With all the interest in tuning spring guns I thought you might like to see what effect a new breech seal has on performance. I plan on giving the Beeman R8 a new seal after I get its velocity up higher than it is now. Let’s look at this old report on what a fresh breech seal can do.

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Beeman R8: Part 5

by Tom Gaylord
Writing as B.B. Pelletier

Rail Lock Compressor R8

The Beeman R8 looks like a baby R1.

Part 1
Part 2
Part 3
Part 4

A history of airguns

This report covers:

  • Clean and inspect
  • Little wear
  • Install the Rail Lock mainspring compressor
  • Now what?
  • Tip
  • When to take off the compressor
  • Finish threading the end cap
  • The trigger
  • It’s been modified!
  • Installing the trigger
  • Trigger tip
  • How does it feel?
  • RWS Hobbys
  • RWS Superdomes
  • JSB Exact RS
  • What happened?

Today I finish inspecting and cleaning the Beeman R8. I will then assemble it, lubricate it and test it with the same pellets I used before, so we can compare.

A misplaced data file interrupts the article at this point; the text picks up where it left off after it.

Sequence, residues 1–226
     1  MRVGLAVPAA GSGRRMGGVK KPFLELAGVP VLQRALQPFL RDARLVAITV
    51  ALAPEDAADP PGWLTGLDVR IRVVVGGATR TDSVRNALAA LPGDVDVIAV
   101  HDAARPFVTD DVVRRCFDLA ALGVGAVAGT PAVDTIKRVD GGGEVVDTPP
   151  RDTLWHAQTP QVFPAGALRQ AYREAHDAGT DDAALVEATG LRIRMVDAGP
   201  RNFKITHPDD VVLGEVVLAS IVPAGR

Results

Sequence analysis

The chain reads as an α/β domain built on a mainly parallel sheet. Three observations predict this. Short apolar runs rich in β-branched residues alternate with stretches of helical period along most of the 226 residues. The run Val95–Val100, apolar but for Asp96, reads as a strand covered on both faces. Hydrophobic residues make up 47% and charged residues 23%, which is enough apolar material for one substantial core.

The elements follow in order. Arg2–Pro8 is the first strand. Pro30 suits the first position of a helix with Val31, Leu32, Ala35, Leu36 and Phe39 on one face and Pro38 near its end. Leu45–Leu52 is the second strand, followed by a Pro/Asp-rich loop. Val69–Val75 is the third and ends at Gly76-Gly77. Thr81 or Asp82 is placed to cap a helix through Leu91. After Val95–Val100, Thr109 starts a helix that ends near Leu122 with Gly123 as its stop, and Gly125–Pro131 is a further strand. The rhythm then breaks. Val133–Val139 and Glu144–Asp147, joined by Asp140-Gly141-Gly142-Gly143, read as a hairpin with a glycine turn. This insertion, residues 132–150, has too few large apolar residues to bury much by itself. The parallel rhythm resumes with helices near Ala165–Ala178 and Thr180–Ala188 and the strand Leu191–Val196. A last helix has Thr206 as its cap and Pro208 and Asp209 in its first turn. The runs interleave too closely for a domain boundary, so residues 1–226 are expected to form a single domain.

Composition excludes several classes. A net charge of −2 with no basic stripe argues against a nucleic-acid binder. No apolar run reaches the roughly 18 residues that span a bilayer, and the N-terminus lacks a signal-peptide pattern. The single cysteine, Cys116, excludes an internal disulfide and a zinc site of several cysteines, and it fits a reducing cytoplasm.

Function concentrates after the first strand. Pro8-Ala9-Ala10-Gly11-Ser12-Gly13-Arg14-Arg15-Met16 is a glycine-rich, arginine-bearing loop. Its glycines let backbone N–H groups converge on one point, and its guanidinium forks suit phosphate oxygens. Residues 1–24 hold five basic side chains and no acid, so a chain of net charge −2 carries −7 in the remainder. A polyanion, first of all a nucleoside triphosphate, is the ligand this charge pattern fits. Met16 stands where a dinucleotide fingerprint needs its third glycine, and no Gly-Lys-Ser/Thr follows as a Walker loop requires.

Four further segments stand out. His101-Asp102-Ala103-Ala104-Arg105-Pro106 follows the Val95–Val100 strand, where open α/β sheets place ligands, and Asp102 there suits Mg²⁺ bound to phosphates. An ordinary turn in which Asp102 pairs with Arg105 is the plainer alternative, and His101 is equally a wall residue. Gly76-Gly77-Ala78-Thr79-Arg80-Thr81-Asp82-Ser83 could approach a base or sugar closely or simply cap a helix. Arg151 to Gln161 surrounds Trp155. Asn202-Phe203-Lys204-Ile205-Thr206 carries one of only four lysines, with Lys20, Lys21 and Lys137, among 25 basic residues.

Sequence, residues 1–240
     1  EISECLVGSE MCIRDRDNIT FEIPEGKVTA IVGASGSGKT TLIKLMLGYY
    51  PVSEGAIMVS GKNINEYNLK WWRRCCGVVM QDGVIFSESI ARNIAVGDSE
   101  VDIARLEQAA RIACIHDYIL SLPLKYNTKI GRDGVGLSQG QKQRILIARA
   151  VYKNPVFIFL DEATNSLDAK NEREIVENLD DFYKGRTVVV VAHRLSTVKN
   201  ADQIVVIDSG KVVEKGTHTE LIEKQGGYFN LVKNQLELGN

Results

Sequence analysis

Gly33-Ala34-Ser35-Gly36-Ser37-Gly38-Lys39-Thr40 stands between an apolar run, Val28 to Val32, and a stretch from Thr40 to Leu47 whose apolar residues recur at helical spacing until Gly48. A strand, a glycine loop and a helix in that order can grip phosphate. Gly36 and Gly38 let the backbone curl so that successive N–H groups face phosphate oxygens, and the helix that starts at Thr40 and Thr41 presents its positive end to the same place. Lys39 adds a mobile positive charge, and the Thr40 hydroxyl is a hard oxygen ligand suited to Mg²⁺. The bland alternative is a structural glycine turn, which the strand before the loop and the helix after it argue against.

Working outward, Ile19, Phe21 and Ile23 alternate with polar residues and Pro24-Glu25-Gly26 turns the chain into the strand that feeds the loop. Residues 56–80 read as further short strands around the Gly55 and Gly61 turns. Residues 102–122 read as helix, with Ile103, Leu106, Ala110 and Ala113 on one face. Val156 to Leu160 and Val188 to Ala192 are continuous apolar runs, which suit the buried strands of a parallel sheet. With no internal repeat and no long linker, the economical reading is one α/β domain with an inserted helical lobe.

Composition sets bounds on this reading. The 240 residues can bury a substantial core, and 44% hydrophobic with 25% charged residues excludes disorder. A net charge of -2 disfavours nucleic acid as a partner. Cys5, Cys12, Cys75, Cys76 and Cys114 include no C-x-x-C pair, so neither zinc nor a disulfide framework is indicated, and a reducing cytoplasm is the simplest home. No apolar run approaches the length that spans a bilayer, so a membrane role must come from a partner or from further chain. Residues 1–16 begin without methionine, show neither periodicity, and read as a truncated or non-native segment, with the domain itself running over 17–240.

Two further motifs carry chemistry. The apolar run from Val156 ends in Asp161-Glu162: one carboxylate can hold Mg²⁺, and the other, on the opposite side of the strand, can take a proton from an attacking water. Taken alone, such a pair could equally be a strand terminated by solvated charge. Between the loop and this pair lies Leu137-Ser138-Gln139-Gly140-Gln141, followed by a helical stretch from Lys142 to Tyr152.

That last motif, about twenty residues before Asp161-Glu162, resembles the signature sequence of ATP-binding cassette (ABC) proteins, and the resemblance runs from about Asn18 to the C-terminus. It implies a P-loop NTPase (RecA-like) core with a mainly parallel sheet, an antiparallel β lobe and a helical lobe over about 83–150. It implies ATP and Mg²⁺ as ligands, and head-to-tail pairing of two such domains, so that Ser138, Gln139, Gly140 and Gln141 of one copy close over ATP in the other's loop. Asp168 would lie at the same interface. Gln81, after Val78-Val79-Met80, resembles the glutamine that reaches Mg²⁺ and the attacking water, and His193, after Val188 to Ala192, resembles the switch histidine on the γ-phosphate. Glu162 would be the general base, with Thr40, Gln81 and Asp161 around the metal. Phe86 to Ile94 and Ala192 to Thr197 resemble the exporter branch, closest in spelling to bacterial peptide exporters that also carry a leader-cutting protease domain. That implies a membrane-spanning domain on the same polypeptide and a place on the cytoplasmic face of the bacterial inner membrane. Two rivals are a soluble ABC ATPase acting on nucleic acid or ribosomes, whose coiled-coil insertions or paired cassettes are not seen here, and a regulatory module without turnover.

Clean and inspect

As I cleaned all the grease off the parts I inspected each of them. The piston and spring guide have not been altered. The mainspring is straight (test it by rolling on a flat surface) and fits the piston and spring guide reasonably well. There is some tolerance between the spring and both those parts, and if I were doing a top grade tune I would make a new spring guide, plus I would either shim the inside of the piston or find a mainspring that fits it closer. I’m not doing that today.

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Beeman R8: Part 4

by Tom Gaylord
Writing as B.B. Pelletier

Rail Lock Compressor R8

The Beeman R8 looks like a baby R1.

Part 1
Part 2
Part 3

A history of airguns

This report covers:

  • Disassembly begins
  • Remove trigger
  • Unscrew end cap
  • Some words about the Rail Lock compressor
  • Grease everywhere!